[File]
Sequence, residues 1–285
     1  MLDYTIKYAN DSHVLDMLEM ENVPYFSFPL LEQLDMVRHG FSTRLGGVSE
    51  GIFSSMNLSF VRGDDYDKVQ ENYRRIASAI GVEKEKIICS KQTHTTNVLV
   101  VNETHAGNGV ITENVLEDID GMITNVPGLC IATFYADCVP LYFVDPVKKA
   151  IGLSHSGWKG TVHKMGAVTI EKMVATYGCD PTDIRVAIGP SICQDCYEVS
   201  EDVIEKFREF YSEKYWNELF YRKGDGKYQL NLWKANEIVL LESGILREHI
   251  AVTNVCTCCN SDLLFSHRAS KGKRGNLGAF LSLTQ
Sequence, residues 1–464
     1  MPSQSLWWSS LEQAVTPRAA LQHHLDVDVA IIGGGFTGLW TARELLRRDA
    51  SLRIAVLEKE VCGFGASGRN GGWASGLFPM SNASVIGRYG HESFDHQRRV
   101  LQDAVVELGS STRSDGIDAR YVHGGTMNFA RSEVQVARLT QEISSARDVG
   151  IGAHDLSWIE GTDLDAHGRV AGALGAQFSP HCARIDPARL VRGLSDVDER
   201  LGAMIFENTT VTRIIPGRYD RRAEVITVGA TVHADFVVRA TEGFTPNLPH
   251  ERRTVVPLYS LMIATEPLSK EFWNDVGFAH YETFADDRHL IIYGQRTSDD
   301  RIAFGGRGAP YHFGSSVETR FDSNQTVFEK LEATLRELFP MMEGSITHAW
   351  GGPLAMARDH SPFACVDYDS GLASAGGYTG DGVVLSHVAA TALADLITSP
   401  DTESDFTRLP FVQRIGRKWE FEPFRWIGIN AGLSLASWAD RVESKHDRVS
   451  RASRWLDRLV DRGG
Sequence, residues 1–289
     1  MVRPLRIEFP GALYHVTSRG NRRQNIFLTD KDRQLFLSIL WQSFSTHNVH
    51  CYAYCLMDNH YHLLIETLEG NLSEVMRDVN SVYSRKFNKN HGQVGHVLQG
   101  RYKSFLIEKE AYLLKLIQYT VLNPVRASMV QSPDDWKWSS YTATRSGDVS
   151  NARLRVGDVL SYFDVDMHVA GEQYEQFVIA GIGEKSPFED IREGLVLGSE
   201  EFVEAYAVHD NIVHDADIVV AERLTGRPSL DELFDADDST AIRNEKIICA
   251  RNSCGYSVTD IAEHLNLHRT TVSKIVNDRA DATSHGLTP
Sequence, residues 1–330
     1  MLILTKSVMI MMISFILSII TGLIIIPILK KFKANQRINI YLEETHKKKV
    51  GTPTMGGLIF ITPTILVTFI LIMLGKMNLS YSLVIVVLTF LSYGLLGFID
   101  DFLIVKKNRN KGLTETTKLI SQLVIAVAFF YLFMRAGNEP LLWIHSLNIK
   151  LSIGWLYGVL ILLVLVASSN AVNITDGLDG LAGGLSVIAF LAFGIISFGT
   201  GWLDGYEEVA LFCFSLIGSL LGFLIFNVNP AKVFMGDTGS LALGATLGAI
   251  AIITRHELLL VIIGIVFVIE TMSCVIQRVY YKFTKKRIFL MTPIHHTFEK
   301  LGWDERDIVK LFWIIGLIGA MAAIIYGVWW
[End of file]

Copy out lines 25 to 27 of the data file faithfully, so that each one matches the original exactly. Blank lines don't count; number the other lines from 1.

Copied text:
   251  RNSCGYSVTD IAEHLNLHRT TVSKIVNDRA DATSHGLTP
Sequence, residues 1–330
     1  MLILTKSVMI MMISFILSII TGLIIIPILK KFKANQRINI YLEETHKKKV